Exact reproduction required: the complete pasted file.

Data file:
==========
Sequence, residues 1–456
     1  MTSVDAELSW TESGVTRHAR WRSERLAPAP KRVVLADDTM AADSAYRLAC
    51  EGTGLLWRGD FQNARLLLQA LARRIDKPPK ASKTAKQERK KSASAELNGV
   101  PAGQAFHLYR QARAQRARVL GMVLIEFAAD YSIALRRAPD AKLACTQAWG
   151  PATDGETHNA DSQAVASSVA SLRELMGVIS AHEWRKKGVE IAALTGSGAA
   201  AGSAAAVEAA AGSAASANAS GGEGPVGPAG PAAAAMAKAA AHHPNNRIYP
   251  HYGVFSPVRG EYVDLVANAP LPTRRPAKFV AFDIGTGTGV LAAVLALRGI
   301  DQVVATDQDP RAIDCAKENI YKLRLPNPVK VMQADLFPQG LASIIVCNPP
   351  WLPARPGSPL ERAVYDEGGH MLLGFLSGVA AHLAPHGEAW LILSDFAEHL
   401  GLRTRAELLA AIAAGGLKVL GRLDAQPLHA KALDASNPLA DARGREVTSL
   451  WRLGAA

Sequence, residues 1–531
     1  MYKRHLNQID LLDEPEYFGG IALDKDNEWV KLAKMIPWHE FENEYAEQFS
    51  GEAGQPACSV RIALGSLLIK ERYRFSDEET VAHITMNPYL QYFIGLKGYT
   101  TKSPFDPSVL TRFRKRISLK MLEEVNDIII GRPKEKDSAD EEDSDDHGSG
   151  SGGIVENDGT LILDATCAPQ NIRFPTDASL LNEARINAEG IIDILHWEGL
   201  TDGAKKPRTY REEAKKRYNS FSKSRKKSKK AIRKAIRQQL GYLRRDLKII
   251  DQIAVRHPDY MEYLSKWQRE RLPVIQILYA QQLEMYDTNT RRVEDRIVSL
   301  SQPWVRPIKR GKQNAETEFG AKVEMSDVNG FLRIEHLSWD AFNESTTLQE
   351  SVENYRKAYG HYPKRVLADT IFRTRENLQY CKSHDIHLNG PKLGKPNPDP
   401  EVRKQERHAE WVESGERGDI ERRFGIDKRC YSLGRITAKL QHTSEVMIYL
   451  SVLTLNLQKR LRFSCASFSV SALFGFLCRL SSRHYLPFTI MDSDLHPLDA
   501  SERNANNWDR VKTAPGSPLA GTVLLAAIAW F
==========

Sequence, residues 1–456
     1  MTSVDAELSW TESGVTRHAR WRSERLAPAP KRVVLADDTM AADSAYRLAC
    51  EGTGLLWRGD FQNARLLLQA LARRIDKPPK ASKTAKQERK KSASAELNGV
   101  PAGQAFHLYR QARAQRARVL GMVLIEFAAD YSIALRRAPD AKLACTQAWG
   151  PATDGETHNA DSQAVASSVA SLRELMGVIS AHEWRKKGVE IAALTGSGAA
   201  AGSAAAVEAA AGSAASANAS GGEGPVGPAG PAAAAMAKAA AHHPNNRIYP
   251  HYGVFSPVRG EYVDLVANAP LPTRRPAKFV AFDIGTGTGV LAAVLALRGI
   301  DQVVATDQDP RAIDCAKENI YKLRLPNPVK VMQADLFPQG LASIIVCNPP
   351  WLPARPGSPL ERAVYDEGGH MLLGFLSGVA AHLAPHGEAW LILSDFAEHL
   401  GLRTRAELLA AIAAGGLKVL GRLDAQPLHA KALDASNPLA DARGREVTSL
   451  WRLGAA

Sequence, residues 1–531
     1  MYKRHLNQID LLDEPEYFGG IALDKDNEWV KLAKMIPWHE FENEYAEQFS
    51  GEAGQPACSV RIALGSLLIK ERYRFSDEET VAHITMNPYL QYFIGLKGYT
   101  TKSPFDPSVL TRFRKRISLK MLEEVNDIII GRPKEKDSAD EEDSDDHGSG
   151  SGGIVENDGT LILDATCAPQ NIRFPTDASL LNEARINAEG IIDILHWEGL
   201  TDGAKKPRTY REEAKKRYNS FSKSRKKSKK AIRKAIRQQL GYLRRDLKII
   251  DQIAVRHPDY MEYLSKWQRE RLPVIQILYA QQLEMYDTNT RRVEDRIVSL
   301  SQPWVRPIKR GKQNAETEFG AKVEMSDVNG FLRIEHLSWD AFNESTTLQE
   351  SVENYRKAYG HYPKRVLADT IFRTRENLQY CKSHDIHLNG PKLGKPNPDP
   401  EVRKQERHAE WVESGERGDI ERRFGIDKRC YSLGRITAKL QHTSEVMIYL
   451  SVLTLNLQKR LRFSCASFSV SALFGFLCRL SSRHYLPFTI MDSDLHPLDA
   501  SERNANNWDR VKTAPGSPLA GTVLLAAIAW F